Pampas cat

Last updated

Pampas cat
Leopardus pajeros 20101006.jpg
Pampas cat with the third pelage type
Scientific classification Red Pencil Icon.png
Kingdom: Animalia
Phylum: Chordata
Class: Mammalia
Order: Carnivora
Suborder: Feliformia
Family: Felidae
Subfamily: Felinae
Genus: Leopardus
Species:
L. colocola [2]
Binomial name
Leopardus colocola [2]
(Molina, 1782)
Subspecies
  • L. c. colocola (Molina, 1782)
  • L. c. pajeros (Desmarest, 1816)
  • L. c. braccatus (Cope, 1889)
  • L. c. garleppi (Matschie, 1912)
  • L. c. budini (Pocock, 1941)
  • L. c. munoai (Ximénez, 1961)
  • L. c. wolffsohni (Garcia-Perea, 1994)
PampasCat distribution.jpg
Distribution of the Pampas Cat, 2016 [1]

The Pampas cat (Leopardus colocola) is a small wild cat native to South America. [2] It is listed as Near Threatened on the IUCN Red List as habitat conversion and destruction may cause the population to decline in the future. [1]

Contents

It is also known as Pantanal cat and colocolo in parts of its range. [3] It is named after the Pampas, but occurs in grassland, shrubland, and dry forest at elevations up to 5,000 m (16,000 ft). [4]

There was a proposal to divide Pampas cat into three distinct species, based primarily on differences in pelage colour/pattern and cranial measurements. [4] Accordingly, three species were recognised in the 2005 edition of Mammal Species of the World : the colocolo (L. colocolo), the Pantanal cat (L. braccatus), and the Pampas cat (L. pajeros) with a more restricted definition. [5] This split at species level was not supported by subsequent phylogeographic analysis, although some geographical substructure was recognised, [6] [7] and some authorities continue to recognise the Pampas cat as a single species. [1] [8] In the 2017 revision of felid taxonomy by the Cat Specialist Group, the Pampas cat is recognized as a single species with seven subspecies. [2] A further study released in 2020, found strong evidence for five distinct species within the Pampas cat complex. [9]

Characteristics

The Pampas cat is a little bigger than a domestic cat and has a bushier tail. [10] Its size varies between regions, ranging in body length from 46 to 75 cm (18 to 30 in) with a 23–29 cm (9.1–11.4 in) long tail. Six variants of its pelage occur, but all have two dark lines on the cheeks: [4]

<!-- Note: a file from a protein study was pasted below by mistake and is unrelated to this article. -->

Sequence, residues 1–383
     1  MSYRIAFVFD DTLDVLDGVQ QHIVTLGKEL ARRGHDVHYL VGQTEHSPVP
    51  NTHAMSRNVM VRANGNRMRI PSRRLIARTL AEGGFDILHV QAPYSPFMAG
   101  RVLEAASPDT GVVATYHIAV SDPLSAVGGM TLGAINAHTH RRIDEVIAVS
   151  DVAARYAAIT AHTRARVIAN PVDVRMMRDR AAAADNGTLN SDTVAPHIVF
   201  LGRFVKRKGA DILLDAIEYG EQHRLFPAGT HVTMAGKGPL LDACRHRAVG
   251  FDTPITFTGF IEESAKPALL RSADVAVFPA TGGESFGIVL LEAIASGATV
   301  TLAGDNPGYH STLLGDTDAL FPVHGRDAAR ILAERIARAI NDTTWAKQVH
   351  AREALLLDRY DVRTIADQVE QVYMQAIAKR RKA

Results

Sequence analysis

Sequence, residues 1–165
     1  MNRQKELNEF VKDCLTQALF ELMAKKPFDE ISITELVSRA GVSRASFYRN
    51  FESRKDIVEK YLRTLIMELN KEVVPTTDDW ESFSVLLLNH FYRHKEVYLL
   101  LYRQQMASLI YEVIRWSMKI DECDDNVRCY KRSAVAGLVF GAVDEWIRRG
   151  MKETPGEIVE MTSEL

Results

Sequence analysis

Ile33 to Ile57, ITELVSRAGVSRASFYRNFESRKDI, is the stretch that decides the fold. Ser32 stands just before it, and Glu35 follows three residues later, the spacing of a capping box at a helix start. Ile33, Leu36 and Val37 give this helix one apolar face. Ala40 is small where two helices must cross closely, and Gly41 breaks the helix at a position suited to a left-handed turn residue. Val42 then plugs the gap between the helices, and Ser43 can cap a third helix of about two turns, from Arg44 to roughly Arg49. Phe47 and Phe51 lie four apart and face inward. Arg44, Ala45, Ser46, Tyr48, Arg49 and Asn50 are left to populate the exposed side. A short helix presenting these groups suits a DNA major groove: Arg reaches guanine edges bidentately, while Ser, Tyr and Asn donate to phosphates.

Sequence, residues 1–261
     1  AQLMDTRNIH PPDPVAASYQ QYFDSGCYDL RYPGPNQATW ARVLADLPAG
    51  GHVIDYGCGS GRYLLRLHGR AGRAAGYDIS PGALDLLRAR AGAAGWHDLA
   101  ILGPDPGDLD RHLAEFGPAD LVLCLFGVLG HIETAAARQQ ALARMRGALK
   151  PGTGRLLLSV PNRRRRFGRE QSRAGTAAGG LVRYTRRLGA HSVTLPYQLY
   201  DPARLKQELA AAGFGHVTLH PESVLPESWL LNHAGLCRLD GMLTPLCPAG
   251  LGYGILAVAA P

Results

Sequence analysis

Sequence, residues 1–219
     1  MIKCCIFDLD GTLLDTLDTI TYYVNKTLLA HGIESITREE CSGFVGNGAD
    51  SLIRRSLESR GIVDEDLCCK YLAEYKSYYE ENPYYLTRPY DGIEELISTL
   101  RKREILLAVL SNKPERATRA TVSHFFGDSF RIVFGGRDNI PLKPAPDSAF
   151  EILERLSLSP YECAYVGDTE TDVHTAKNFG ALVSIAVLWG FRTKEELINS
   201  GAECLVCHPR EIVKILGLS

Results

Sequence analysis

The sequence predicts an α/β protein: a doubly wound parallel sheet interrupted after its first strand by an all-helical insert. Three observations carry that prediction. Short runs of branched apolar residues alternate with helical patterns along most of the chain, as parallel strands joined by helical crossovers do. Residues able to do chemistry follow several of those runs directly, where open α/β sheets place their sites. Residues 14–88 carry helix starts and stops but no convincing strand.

The subtypes of Type 2 show variation according to altitude and latitude. Only the first subtype occurs in the north (around 20°S and northwards), and only the third type occurs in the far south (around 40°S and southwards). In between, the majority are of second subtype, but the first subtype has been recorded as far south as 29°S, and the third subtype as far north as 36°S. At latitudes where both the first and second subtypes are found, the former tends to occur in highlands and the latter in lowlands. [4]

Taxonomy

Felis colocola was the scientific name proposed by Juan Ignacio Molina in 1782 for a cat from Chile. [10]

Skulls Ueber Felis Guina Molina und uber die Schadelbildung bei Felis Pajeros und Felis colocolo (1870) Leopardus colocola.png
Skulls

An extensive morphological analysis of Pampas cat specimens from across the species's range revealed differences in cranial measurements, and pelage colour and pattern. Therefore, the Pampas cat group was divided into three distinct species with 11 subspecies. [4] This species division was recognised in the 2005 edition of Mammal Species of the World , although the number of subspecies was reduced: [5]

Based on just two specimens, the subspecies L. p. steinbachi is larger and paler than L. p. garleppi. However, this is labelled with uncertainty due to the very small sample, [4] and some treat it as a synonym of L. p. garleppi. [8] Uncertainty also exists for the subspecies L. p. budini, which appears to resemble L. p. crespoi, and was described from lowlands of northwestern Argentina, but may actually be from humid forests in the region. [4] Some recognise it, [8] while others do not. [5] Populations in southern Chile and the southern part of Argentina, included in the nominate in the above list, were recognised as the subspecies L. p. crucinus based on its dull pelage and large size. [4]

More recent work, primarily genetic studies, failed to find support for a split at species level, although some geographical substructure was recognized. [6] [7] Several authors recognise the Pampas cat as a single species. [1] [8] Since 2017, the Cat Classification Taskforce of the Cat Specialist Group recognises the Pampas cat as a single species with seven subspecies: [2]

Authors of a study published in May 2020 found significant morphological, molecular, geographic, and ecological differences between various Pampas cat populations across South America. They propose five species within the Pampas cat species complex, namely L. colocola, L. braccatus, L. garleppi, L. munoai and L. pajeros. They consider all five species to be monotypic. [9]

Distribution and habitat

A Pampas cat museum specimen Leopardus pajeros (Felis pajeros) - Museo Civico di Storia Naturale Giacomo Doria - Genoa, Italy - DSC02669.JPG
A Pampas cat museum specimen